I have two computers at home and a mini for travel. I write on my desktop, because it’s easier in every way, physically being one of those ways. If I’m travelling, it’s the mini I use. I spend the morning trying to wake up by reading a bit, eating something, many cups of tea, answering emails, checking Facebook, and checking students (I teach online writing courses). This all takes up most of the morning. I might then go out to a store to shop, or to meet a friend. After that, I write. Afternoons or evenings, and sometimes in the mornings if I’m in the mood for it then. I don’t have a set schedule. I tend to write by feel and that’s always worked for me, when the spirit moves me, which it does often. Deadlines push me, of course, but I also like to write for myself and see where that goes. If it’s a short story, usually it will end up fitting an anthology sometime. As to novels, well, I’m writing a bunch now and we’ll see what happens next.
5. What piece of writerly advice do you wish someone had given you when you first started out? Anything you’d tell new/aspiring writers today?
When I began, the business was tough, but not like it is now. And publishing is changing now, so I’m not sure I can offer much advice. No one in the industry seems to know what’s going to happen in publishing. Ebooks are here to stay but how large a part they will play in the future is still unknown.
I’m not sure anyone could have told me anything that would have made a difference. I suppose if in the early days someone had sat me down and said, accept it, you’re weird. What you write will never be best seller material because your readers have to have an interest in darkness and be intelligent and sensitive and that’s not everyone. You’ll never write a book that is bought because it’s the latest thing, which many buyers won’t even read. People who read your books will cherish them and they will tell you that, and that has to be enough. Accept that you are weird and your career will be weird and you’ll save yourself some agony.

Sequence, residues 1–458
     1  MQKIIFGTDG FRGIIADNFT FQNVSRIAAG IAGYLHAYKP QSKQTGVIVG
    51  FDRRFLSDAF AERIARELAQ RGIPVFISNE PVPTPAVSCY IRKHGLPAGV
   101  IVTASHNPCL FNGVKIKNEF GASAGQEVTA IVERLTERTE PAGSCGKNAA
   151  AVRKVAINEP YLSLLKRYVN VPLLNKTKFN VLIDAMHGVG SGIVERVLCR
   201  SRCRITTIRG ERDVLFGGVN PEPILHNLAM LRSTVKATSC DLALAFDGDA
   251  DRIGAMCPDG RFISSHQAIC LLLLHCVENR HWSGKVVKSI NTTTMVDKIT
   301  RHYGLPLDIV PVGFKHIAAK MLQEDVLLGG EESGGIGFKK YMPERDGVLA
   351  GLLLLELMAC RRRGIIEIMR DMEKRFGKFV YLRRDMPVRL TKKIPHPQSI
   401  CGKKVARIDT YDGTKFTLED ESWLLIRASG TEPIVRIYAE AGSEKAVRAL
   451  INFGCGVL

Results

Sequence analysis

Maybe that would have gotten through to me, maybe not. Maybe some agony would have been saved. But the truth is, I never really saw myself as that weird until very recently when it hit me like a bolt of lightning striking a dense tree that the way I think IS weird. That’s a little bit of a shock. So, maybe I would have listened and absorbed, but maybe not.
6. What do you wish you could do more of as a writer? What do you wish you could do less of?
I wish I had more time to write. I have do a lot of things to earn a living because writing doesn’t pay much. People still get 3 cents a word for short stories and that’s what they paid back in the 1930s! And as with all the arts: feast and famine. Money comes in and you have to spread it out because there will be periods where little comes in. Most writers do other work, like teaching, or part-time work outside the home. Amazingly, some even work full-time and come home and write–I couldn’t do it!
I often wish I had a wife. I know quite a few male writers who have a spouse who helps with all the promo and joe jobs involved with a writing career. Some have even quit their jobs to work for their husband full time if he is highly successful. Most women are not in that boat. They are lucky if they have a husband who works and supports them financially, period. Many women are alone and some single mothers, and that means doing everything yourself, and I do mean everything. So, I wish I could do less of the work surrounding writing so I’d have more time for the actual writing.